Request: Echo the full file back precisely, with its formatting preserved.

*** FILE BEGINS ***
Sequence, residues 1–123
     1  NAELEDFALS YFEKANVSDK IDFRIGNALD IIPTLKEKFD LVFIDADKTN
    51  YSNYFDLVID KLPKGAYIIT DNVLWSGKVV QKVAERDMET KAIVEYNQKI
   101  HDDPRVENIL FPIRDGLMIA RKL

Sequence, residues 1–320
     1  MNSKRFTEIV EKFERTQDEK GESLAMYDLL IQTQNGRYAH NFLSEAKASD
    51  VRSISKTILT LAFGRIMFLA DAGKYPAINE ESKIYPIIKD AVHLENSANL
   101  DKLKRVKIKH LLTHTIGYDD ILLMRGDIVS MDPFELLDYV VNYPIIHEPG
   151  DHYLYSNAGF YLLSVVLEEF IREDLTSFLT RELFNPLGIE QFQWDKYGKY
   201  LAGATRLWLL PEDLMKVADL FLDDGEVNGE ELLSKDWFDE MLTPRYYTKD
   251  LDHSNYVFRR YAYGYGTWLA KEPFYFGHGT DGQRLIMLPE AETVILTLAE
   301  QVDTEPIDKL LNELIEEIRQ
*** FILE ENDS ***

Sequence, residues 1–123
     1  NAELEDFALS YFEKANVSDK IDFRIGNALD IIPTLKEKFD LVFIDADKTN
    51  YSNYFDLVID KLPKGAYIIT DNVLWSGKVV QKVAERDMET KAIVEYNQKI
   101  HDDPRVENIL FPIRDGLMIA RKL

Sequence, residues 1–320
     1  MNSKRFTEIV EKFERTQDEK GESLAMYDLL IQTQNGRYAH NFLSEAKASD
    51  VRSISKTILT LAFGRIMFLA DAGKYPAINE ESKIYPIIKD AVHLENSANL
   101  DKLKRVKIKH LLTHTIGYDD ILLMRGDIVS MDPFELLDYV VNYPIIHEPG
   151  DHYLYSNAGF YLLSVVLEEF IREDLTSFLT RELFNPLGIE QFQWDKYGKY
   201  LAGATRLWLL PEDLMKVADL FLDDGEVNGE ELLSKDWFDE MLTPRYYTKD
   251  LDHSNYVFRR YAYGYGTWLA KEPFYFGHGT DGQRLIMLPE AETVILTLAE
   301  QVDTEPIDKL LNELIEEIRQ